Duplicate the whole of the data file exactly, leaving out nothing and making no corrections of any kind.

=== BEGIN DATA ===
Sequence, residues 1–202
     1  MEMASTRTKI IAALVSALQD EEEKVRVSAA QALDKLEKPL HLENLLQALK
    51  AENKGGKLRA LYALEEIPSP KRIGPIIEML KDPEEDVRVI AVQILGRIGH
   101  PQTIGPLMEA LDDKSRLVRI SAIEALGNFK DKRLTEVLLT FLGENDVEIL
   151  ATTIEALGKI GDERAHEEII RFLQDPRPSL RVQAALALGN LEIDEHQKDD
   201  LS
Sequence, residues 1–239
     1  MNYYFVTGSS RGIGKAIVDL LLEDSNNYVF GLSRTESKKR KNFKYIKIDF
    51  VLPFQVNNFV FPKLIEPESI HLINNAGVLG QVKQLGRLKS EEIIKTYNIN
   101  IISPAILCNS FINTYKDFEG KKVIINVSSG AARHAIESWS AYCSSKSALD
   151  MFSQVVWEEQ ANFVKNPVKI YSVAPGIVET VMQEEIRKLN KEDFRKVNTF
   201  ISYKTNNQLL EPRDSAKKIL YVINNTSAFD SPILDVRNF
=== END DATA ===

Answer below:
Sequence, residues 1–202
     1  MEMASTRTKI IAALVSALQD EEEKVRVSAA QALDKLEKPL HLENLLQALK
    51  AENKGGKLRA LYALEEIPSP KRIGPIIEML KDPEEDVRVI AVQILGRIGH
   101  PQTIGPLMEA LDDKSRLVRI SAIEALGNFK DKRLTEVLLT FLGENDVEIL
   151  ATTIEALGKI GDERAHEEII RFLQDPRPSL RVQAALALGN LEIDEHQKDD
   201  LS
Sequence, residues 1–239
     1  MNYYFVTGSS RGIGKAIVDL LLEDSNNYVF GLSRTESKKR KNFKYIKIDF
    51  VLPFQVNNFV FPKLIEPESI HLINNAGVLG QVKQLGRLKS EEIIKTYNIN
   101  IISPAILCNS FINTYKDFEG KKVIINVSSG AARHAIESWS AYCSSKSALD
   151  MFSQVVWEEQ ANFVKNPVKI YSVAPGIVET VMQEEIRKLN KEDFRKVNTF
   201  ISYKTNNQLL EPRDSAKKIL YVINNTSAFD SPILDVRNF